A lot of artists don’t enjoy explaining themselves. They like making work; they don’t like talking about it.

William Wegman is not one of those people.

The artist, who is best known for making outrageous photos of his weimaraner dogs in unlikely poses, last year mounted a major semi-retrospective at Bowdoin College in Brunswick. “Hello Nature” went far beyond the weimaraners and included photos, drawings, paintings and journals from throughout his long career.

The show had strong Maine connections, because it was in Maine that Wegman discovered and nurtured his love for the outdoors. He has a place in Rangeley, and spends as much time in Maine as he can.

As he led gallery talks and tours, he found that he learned a lot about his work.

It was for that reason that he readily accepted an invitation to kick off the Visiting Artist Summer Lecture Series at Maine College of Art. He speaks at 6:30 p.m. Thursday at MECA’s Osher Auditorium.

The MECA lecture series brings high-profile artists to campus, who then immerse themselves as members of the community.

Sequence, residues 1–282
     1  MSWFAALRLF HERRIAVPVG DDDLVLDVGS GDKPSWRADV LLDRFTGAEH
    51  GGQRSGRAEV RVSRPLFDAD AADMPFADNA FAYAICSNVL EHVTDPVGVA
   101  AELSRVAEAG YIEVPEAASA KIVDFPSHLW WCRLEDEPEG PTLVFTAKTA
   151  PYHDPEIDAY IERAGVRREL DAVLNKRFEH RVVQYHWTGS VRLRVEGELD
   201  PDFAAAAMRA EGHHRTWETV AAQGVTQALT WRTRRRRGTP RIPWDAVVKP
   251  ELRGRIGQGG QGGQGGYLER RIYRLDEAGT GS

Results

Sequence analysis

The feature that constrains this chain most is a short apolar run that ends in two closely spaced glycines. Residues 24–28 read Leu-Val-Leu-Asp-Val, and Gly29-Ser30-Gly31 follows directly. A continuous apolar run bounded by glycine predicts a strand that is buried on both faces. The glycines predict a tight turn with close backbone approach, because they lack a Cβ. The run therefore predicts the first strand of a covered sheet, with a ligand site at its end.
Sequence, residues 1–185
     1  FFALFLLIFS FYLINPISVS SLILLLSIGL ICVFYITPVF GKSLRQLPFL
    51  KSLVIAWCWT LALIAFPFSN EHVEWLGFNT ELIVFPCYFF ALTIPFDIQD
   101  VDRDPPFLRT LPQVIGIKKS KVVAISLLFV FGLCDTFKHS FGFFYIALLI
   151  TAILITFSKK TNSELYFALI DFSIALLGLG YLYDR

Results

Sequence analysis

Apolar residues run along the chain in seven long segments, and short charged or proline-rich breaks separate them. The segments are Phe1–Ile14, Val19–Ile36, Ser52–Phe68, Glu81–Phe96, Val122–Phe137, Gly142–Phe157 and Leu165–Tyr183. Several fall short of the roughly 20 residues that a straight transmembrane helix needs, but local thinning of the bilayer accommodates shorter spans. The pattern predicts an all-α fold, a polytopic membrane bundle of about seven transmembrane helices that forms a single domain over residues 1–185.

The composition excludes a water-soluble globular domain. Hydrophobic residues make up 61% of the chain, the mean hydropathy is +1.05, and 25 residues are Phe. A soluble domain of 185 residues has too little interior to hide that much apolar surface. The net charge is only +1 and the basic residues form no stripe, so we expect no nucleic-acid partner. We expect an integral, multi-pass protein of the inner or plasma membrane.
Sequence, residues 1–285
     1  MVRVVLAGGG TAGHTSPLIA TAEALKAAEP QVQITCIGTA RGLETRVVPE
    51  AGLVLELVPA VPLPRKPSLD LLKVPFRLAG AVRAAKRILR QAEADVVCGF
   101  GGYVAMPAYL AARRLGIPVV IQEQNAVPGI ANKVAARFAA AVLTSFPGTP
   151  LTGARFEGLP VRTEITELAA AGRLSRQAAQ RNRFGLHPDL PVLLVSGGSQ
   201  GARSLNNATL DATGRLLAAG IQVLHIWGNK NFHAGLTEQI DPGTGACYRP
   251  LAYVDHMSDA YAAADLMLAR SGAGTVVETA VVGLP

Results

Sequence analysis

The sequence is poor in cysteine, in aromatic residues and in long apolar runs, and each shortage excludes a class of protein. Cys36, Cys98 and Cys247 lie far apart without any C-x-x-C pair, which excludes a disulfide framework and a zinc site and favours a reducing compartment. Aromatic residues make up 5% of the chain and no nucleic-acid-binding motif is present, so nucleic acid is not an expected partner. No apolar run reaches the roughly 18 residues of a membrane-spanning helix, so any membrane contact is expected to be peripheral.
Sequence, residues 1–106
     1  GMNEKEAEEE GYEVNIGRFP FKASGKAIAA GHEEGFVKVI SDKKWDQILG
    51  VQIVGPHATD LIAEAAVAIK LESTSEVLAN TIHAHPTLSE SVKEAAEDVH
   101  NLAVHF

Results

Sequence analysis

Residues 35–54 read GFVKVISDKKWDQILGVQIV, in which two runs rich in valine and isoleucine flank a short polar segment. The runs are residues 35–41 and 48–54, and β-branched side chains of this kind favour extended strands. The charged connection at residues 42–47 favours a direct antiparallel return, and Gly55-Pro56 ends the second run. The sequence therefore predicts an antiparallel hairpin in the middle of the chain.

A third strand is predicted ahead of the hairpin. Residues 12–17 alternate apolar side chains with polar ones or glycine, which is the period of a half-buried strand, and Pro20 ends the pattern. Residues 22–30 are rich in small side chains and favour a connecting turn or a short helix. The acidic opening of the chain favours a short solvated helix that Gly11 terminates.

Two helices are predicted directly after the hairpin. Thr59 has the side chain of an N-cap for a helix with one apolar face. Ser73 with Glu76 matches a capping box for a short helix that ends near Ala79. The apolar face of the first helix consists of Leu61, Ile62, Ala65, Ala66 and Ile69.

They work with students pursuing master’s degrees, and the lecture series gives the public a chance to participate.

“These talks give me the opportunity to re-examine what I am doing,” Wegman said by phone from his studio in New York. “Sometimes I make up fabulous stories that have insights into my work and sometimes lead to another step. It’s a way of pushing yourself, in a way.

“It’s almost like a stand-up comic that is given a suggestion from the audience. By outing yourself in front of people, you are forced to go beyond what you might have been mulling over.”

Thursday’s talk will include a PowerPoint tour of Wegman’s career from the 1960s to the present, with the opportunity for a back-and-forth with the audience.

Wegman still hears a lot of feedback from the Bowdoin exhibition, which closed last fall.

“Hello Nature” received national attention, and he found himself talking about a much wider range of his work than he is accustomed to — and with many more people than he ever imagined.

“I met a lot of really amazing people during my Bowdoin experience, including Barry Mills, president of the college, and a lot of collectors who have my work, and writers and curators. It was the happiest show I have ever had,” he said. “My father came to that show. He is 91 and can’t really see. So it was a tremendous experience for me.”

“Hello Nature” has since moved to a museum in Sweden.

Staff Writer Bob Keyes can be contacted at 791-6457 or:

bkeyes@pressherald.com